2. In terms of South Africa’s “New Children’s Act”, surrogacy can only be done for altruistic reasons and not for commercial gain. This means that you may claim for any expenses that are directly related to the surrogacy/pregnancy and you may claim within reason for loss of income. The commissioning parents will cover the cost of a medical aid for the duration of your pregnancy/birth, including a few months post-partum. A life insurance policy will also be provided by the commissioning couple for the duration of the surrogacy.  All other expenses related to the Surrogacy will be covered by the Commissioning Parents. They will also cover all the legal fees, as well as any counselling that the Surrogate mother may require.
  3. She will get full medical attention and any medical care needed to make sure that the implanted embryo reaches full term.
  4. A surrogate mother understands that she has no right to the child once born as she has agreed in a written contract that her primary role is merely to carry the baby to full term.

Gestational Surrogacies are widely popular today however as you can appreciate there are only a handful of women who are medically, emotionally and psychologically able to carry a baby for someone else.  The reality is that there is a shortage of suitable surrogates in South Africa.  This means that there is a waiting list of people who need a surrogate and finding the right surrogate mother is way more complicated than many anticipate.

Qualifications for a Surrogate Mother:

A surrogate mother must meet the below criteria before she may proceed and is matched with possible intended parents:

  • You must be in good physical, emotional and mental health
  • You must be a South African citizen
  • You must be between 21 and 42 years old. The older a woman gets, the higher her chances are of a high risk pregnancy.
  • Her BMI must be below 35
  • You must have had at least one pregnancy, a viable birth and have a living child of her own. This will give her important experience and knowledge of the difficulties that come with pregnancy and .
  • You may not have had more than 2 caesarean sections
  • You must be willing to take a psychological screening. A thorough psychological test will determine if the candidate is appropriate to be a surrogate mother. This will reveal any issues the surrogate mother may have regarding her motivations, expectations and behaviour towards the agreement.
  • You must be a non-smoker and live in a smoke free environment
  • You must not be taking current medications that may be deemed unsafe for pregnancy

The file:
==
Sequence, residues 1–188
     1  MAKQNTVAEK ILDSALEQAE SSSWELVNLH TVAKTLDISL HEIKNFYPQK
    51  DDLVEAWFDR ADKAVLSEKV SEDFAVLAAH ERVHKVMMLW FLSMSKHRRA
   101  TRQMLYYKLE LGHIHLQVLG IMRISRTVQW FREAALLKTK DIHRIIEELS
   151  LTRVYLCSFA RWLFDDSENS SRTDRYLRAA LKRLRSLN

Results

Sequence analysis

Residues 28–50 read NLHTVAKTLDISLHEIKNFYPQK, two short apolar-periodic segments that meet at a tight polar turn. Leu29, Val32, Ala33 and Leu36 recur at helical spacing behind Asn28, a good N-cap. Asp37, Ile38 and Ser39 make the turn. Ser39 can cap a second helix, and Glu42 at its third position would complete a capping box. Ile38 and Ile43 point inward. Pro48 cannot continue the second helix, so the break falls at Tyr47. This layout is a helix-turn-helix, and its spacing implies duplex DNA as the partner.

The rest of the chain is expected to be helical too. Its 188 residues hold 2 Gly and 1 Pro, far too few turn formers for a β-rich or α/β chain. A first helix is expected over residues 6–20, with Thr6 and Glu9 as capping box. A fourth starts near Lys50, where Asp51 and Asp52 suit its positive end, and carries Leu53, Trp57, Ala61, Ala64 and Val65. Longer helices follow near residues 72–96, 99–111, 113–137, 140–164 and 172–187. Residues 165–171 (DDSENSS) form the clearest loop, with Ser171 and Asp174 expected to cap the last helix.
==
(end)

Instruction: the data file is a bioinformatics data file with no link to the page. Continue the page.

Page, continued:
• Must not have had medical complications related to previous pregnancies
  • You will need a strong support system at home who will support her decision to become a surrogate mother
  • You must be willing to have a background check
  • You must be someone who the commissioning couple can count on and trust implicitly
  • You must be someone who will communicate openly, honestly, and consistently
  • You must be someone who is as committed as they are to creating their dream of a family
  • You must be someone who will follow the doctor’s orders and SA surrogacy protocol diligently

Should you require any further information or wish to apply please visit: www.surrogacy.co.za

We would love to tell you more about how you can make a huge difference as a gestational carrier.

 

“Egg donation: The ultimate gift”

44232cb7e610e767efda8e042dfb8c6e“After years of not being able to fall pregnant more South African women are turning to egg donation IVF to become mothers.  Dominique Oosthuizen explores how through egg donation women struggling to fall pregnant can have children.

Receiving the gift of life

Slowly the eggs (oocytes) are extracted through the vagina of the donor with a small needle. These eggs are her hope for a family.  These eggs carry her dream to become a mother.

They are carefully fertilised in an in vitro fertilisation (IVF) laboratory with her husband’s sperm. The embryos are then cultured and grown over the next few days until the doctor cautiously transfer the embryos into her womb.

From these two cells all the babies’ organs and body parts will develop. From these two layers of cells a little miracle will form.

“When I saw their heartbeats for the first time it was surreal,” tells a donor egg recipient. “I cried and I cried and I cried. Finally! Finally it was my turn to become a mother.”

As she had only disclosed to her close family and friends of her journey with egg donation IVF the recipient decided to remain anonymous.

“There was no black or white explanation on why I could not conceive children, but I was determined to be a mother.

“Through the donation someone was able to give me such a selfless gift,” she says with great thankfulness to the anonymous donor.

She lightly laughs and adds, “The donor actually gave me twice the gift — she gave me twins. She helped me reach a dream that I once thought was unreachable.”

Donating agencies: collectors of apples

“The process of donating eggs can be compared to the collection of fruit,” says Jenny Curry, the owner of Baby2mom, a company that facilitates the egg donation process by co-ordinating the donor and the recipient.